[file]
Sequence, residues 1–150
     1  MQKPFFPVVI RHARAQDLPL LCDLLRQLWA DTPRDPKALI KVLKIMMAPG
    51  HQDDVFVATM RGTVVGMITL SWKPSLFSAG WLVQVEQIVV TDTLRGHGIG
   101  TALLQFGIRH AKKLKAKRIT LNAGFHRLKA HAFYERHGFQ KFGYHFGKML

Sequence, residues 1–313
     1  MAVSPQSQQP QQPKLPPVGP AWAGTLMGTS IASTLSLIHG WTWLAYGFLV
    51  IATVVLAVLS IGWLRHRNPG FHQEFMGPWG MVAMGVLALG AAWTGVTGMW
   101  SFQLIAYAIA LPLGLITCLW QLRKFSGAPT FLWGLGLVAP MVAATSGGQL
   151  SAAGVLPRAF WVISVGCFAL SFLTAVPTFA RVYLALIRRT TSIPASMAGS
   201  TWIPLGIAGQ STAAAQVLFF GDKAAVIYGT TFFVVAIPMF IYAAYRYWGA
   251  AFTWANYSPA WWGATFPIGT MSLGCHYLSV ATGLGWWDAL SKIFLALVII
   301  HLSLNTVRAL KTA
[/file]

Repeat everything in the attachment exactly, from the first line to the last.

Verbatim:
Sequence, residues 1–150
     1  MQKPFFPVVI RHARAQDLPL LCDLLRQLWA DTPRDPKALI KVLKIMMAPG
    51  HQDDVFVATM RGTVVGMITL SWKPSLFSAG WLVQVEQIVV TDTLRGHGIG
   101  TALLQFGIRH AKKLKAKRIT LNAGFHRLKA HAFYERHGFQ KFGYHFGKML

Sequence, residues 1–313
     1  MAVSPQSQQP QQPKLPPVGP AWAGTLMGTS IASTLSLIHG WTWLAYGFLV
    51  IATVVLAVLS IGWLRHRNPG FHQEFMGPWG MVAMGVLALG AAWTGVTGMW
   101  SFQLIAYAIA LPLGLITCLW QLRKFSGAPT FLWGLGLVAP MVAATSGGQL
   151  SAAGVLPRAF WVISVGCFAL SFLTAVPTFA RVYLALIRRT TSIPASMAGS
   201  TWIPLGIAGQ STAAAQVLFF GDKAAVIYGT TFFVVAIPMF IYAAYRYWGA
   251  AFTWANYSPA WWGATFPIGT MSLGCHYLSV ATGLGWWDAL SKIFLALVII
   301  HLSLNTVRAL KTA